Ernesto Nieto inspires University of Findlay on Wilson Fellowship tour
National Hispanic Institute alumni and students know Ernesto Nieto best as its president and founder, but in academic circles around the nation, he’s also known as a Woodrow Wilson Visiting Fellow. The honor, bestowed on him in 2015 by the Council of Independent Colleges, allows him to speak to audiences and engage with students—and he’s done that last week at the University of Findlay.
Nieto’s trip was highlighted by a lecture titled “Community Social Entrepreneurship: A New Social Concept for Leadership in the Latino Community.” Nieto also took in a number of classroom visits, meeting with deans, department heads, and student organizations; NHI Executive Vice President Gloria de Leon also played a significant role in the Findlay trip.
“The speech was well-received, and caused great interest in NHI’s work, philosophy, and especially its way of working with young people,” Nieto reported. “I provided a brief review of the conditions leading to the era of protest in the 1960s, and challenged the students to envision how they were preparing to become the next change generation, and for what social good. I ended with asking the university leadership to determine if they were there merely to train students for their careers, or whether they also wanted to engage students, as we do, to create a new America.”
According to the CIC website, “For more than 35 years, the Woodrow Wilson Visiting Fellows program has brought prominent artists, diplomats, journalists, business leaders, and other nonacademic professionals to campuses across the United States for substantive dialogue with students and faculty members. Through a week-long residential program of classes, seminars, workshops, lectures, and informal discussions, the Fellows create better understanding and new connections between the academic and nonacademic worlds.”
The Findlay visit was well-received by professors and students alike. Dr. Marie Louden-Hanes, a professor of art history at Findlay coordinating the visit, declared, “From the first day of his arrival until his departure from our campus on Thursday morning last week, we witnessed Ernesto’s positive impact on the campus. Over and over again we watched students edging closer to hear more, to linger when the class was over, to stay behind, to sign up for another event, to ask more questions, to investigate answers, and to look differently at their roles as students and, perhaps, as future leaders and game changers. Ernesto proposed a new plan for self-discovery. And the students listened. The questions reflected deep explorations of the self that had come from Ernesto’s questions to them: what are you going to do with your life beyond your educational degrees?”
“Ernesto’s presentations were conversations,” she added. “His gift is engaging listeners as active participants in the conversations. The conversations prompted the students to begin asking themselves…what is the answer to that question? How can I help shape this new world?”
Debra Parker, Dean of the College of Pharmacy, said, “Having Dr. Nieto and his wife Gloria on campus was enlightening. Hearing him speak first-hand of the people with whom he interacted in the 1960s Civil Rights movement, and how he came to focus his efforts in a different manner in the following decades, was truly an enriching experience. He brought to all of us a message that was inspiring, and unlike traditional mindsets about minorities, the focus on the positive and important contribution Hispanics make in the U.S. culture will have a lasting impact on all who heard him speak.”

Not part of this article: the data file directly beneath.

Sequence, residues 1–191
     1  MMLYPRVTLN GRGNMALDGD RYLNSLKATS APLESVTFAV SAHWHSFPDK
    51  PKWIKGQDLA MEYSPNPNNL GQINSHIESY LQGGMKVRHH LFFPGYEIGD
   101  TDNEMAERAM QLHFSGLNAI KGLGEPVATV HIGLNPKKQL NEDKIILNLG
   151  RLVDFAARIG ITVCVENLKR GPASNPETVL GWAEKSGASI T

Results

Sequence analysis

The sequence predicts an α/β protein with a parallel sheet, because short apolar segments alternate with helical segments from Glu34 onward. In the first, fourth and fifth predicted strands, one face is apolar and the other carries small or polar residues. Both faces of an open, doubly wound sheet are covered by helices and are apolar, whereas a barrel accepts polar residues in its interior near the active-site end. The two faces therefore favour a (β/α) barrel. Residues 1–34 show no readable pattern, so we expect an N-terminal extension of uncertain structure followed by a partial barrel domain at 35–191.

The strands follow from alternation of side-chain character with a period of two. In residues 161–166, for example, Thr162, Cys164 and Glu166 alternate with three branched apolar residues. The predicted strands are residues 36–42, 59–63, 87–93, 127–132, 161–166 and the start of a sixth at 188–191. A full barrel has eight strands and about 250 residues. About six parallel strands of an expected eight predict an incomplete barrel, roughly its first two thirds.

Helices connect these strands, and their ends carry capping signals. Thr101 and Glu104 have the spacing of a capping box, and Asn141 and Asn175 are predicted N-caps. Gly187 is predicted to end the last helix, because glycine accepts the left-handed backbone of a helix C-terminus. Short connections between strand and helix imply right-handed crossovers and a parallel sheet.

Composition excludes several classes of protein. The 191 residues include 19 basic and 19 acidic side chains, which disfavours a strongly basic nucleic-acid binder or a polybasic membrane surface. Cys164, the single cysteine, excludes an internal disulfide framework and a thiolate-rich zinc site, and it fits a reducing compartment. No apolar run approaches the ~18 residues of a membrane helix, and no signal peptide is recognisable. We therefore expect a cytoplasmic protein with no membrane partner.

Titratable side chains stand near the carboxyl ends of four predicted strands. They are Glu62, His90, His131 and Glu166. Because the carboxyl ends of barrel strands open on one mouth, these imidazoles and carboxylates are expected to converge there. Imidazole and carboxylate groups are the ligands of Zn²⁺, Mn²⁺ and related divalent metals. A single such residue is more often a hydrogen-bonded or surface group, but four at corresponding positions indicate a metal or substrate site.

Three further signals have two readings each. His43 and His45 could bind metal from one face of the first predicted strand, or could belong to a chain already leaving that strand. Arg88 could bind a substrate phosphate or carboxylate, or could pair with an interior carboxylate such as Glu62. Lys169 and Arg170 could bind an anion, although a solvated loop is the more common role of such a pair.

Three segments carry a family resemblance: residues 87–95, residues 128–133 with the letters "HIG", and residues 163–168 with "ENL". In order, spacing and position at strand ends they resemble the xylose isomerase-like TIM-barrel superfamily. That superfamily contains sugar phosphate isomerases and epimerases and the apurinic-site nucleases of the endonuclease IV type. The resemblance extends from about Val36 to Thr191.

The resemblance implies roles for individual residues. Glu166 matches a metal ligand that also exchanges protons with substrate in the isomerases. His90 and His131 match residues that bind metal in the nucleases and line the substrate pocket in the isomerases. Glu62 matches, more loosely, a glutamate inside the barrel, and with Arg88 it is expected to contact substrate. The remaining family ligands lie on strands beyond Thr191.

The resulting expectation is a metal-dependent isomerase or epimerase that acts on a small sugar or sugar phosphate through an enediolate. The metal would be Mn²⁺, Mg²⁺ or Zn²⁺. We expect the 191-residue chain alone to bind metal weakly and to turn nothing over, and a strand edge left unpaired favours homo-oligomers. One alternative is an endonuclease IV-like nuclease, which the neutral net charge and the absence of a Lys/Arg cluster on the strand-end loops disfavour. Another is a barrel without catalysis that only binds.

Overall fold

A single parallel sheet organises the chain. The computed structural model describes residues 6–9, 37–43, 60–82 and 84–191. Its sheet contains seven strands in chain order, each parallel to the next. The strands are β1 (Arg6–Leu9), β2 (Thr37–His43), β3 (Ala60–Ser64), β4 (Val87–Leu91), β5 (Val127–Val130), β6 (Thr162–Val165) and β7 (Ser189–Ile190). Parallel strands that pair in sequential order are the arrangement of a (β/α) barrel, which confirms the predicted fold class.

Students responded positively to the visit. Hanna Cederholm, a student from Sweden, noted, “Dr. Nieto had the biggest influence on my during the dinner at Circle of Friends and when I got the opportunity to talk to him by myself on the night of his speech. He gave me a lot of new ways of looking at society and those ideas will be valuable for me in my growth as a human.”
Miguel Alfredo Valdez, looking beyond school toward making a difference in Mexico upon graduation, said that his interactions with Nieto were insightful, “reinforcing the idea that there is a higher meaning in our life than just get a job for the sake of making money and earn a living. It made me feel like I have a responsibility to embrace who I am, give back to the community where I am from and help others, not only by giving them help, but by showing them some light in their potential so they turn their dreams into projects.”
Carlos Blanco, one of the school’s ambassadors for the WWVF program, said Nieto’s visit impacted him greatly, elaborating, “He made me see the world from a different perspective. He kept me thinking what impact or difference am I going to be doing for this world in a few years from now, what is special about me, and how can I contribute to make this world a better place.”
Another ambassador, William Bibler, noted, “Over the course of Ernesto’s and Gloria’s visit, it became clear that they wanted us to challenge ourselves and determine how to be a positive force in the community. They shared stories on how they decided to fit for the greater good by helping others to achieve their personal goals and dreams. Ernesto and Gloria emphasized that we should not focus entirely on our careers because we have the opportunity to shape the future landscape of America. Ernesto and Gloria were two wonderful people and it was an honor and privilege to get to know them. This experience was one that I will never forget.”